European Union fines banks over $1 billion over foreign exchange cartel

Barclays was one of five global banks fined by European antitrust officials

Barclays was one of five global banks fined by European antitrust officials

The commission, which polices anti-trust issues, fined Barclays, Royal Bank of Scotland, Citigroup and JPMorgan over 811 million euros for collaborating in a foreign exchange spot trading cartel dubbed "Forex - Three Way Banana Split".

Barclays was fined €210.3 million and Mitsubishi UFJ Financial Group must pay almost €70 million as part of the settlement with the EU's antitrust regulator.

They exchanged sensitive information and trading plans through the chatrooms to give them an advantage when making market decisions as they bought and sold currencies, the commission said.

The European Commission said individual traders at the banks involved formed two cartels to manipulate the spot foreign exchange market for 11 currencies, including the dollar, the euro and the pound.

A spokesperson for MUFG Bank said: "The European Commission has found that the high standards that we aspire to in our business were not met on this occasion".

The cartels were exposed by a sixth bank, UBS, which was named in the investigation but avoided a fine after blowing the whistle.

UBS, which escaped the latest fines, said: "This is a legacy matter where UBS was the first bank to disclose potential misconduct". That case involves another online chatroom and banks may be fined at a later date.

The financial industry has been hit with billions of Euros in fines worldwide over the last decade for the rigging of benchmarks used in many day-to-day financial transactions.

JP Morgan said the fine related to the conduct of one former employee and RBS that it served as a reminder of how it had lost its way in the past.

Traders exchanged information about outstanding customers' orders, bid-ask spreads, their open-risk positions and details of current or planned trading activities.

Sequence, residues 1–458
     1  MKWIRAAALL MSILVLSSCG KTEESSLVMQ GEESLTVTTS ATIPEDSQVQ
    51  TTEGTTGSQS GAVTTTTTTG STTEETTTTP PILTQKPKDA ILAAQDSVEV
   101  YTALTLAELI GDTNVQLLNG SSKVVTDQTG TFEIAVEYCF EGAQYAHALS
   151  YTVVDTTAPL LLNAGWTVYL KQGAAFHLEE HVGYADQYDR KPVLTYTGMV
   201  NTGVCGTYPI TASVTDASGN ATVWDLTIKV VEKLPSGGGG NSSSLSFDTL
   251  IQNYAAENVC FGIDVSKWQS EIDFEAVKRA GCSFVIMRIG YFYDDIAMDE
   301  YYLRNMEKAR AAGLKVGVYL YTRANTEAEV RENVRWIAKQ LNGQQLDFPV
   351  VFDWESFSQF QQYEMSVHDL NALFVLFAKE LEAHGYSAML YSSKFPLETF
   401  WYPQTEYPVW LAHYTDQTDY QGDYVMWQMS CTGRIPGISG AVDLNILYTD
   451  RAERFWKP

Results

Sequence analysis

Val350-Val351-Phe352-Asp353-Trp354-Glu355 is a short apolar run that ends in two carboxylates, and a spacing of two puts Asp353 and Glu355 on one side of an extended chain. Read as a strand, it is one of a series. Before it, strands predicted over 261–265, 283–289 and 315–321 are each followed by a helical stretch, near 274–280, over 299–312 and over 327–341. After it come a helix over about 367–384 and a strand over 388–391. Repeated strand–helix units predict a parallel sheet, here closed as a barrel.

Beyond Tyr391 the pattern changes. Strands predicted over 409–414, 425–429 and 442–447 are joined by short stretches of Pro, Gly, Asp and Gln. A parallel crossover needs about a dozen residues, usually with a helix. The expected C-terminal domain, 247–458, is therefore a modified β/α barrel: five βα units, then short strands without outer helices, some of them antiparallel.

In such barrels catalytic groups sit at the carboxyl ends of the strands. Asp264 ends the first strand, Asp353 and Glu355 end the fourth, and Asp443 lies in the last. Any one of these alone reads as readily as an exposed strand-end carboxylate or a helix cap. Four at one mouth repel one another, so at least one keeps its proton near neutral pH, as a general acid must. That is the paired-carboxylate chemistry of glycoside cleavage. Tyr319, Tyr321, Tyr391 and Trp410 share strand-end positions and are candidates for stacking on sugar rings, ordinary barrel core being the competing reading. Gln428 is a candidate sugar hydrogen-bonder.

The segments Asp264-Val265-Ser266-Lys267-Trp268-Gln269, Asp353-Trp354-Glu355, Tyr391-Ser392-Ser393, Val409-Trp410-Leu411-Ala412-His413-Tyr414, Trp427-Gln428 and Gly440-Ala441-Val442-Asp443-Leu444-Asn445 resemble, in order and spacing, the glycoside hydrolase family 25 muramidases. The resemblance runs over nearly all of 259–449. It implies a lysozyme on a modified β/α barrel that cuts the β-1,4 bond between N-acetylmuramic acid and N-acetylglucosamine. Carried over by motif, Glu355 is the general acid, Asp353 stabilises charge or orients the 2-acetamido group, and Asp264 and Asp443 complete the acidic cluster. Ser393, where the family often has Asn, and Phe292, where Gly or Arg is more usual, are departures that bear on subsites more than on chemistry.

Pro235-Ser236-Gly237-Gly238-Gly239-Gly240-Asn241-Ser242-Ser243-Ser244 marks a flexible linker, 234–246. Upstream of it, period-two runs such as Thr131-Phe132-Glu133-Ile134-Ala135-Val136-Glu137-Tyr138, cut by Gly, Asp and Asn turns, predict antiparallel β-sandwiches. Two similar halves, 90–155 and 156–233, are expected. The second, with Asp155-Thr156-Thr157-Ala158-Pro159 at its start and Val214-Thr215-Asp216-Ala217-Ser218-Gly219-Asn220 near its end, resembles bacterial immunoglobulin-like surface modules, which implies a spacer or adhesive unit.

Traders from UBS, Barclays, RBS and Bank of Tokyo-Mitsubishi (now MUFG Bank) communicated through two chatrooms, the Commission said, between December 2009 and July 2012.

MUFG said in a statement that they "are committed to ensuring integrity and compliance with the regulatory authorities in every jurisdiction in which we operate, and have taken a number of measures to prevent this occurring again".

Because Barclays, RBS, Citigroup, and JPMorgan all received reduced fines for their cooperation with the investigation, they will not be able to appeal the commission's ruling.

At €311m, Citigroup's fine was the largest, followed by fines of €249m for RBS, €229m for JPMorgan, and €210m for Barclays. They traded 11 currencies, including the euro, the U.S. dollar, the British pound and the Japanese yen.

The EU is continuing to investigate banks for possible EU antitrust violations.

It also said the traders occasionally co-ordinated trading strategies through online chatrooms.

Eight banks are the focus of yet another European Union probe looking at the trading of eurozone sovereign bonds from 2007 to 2012.

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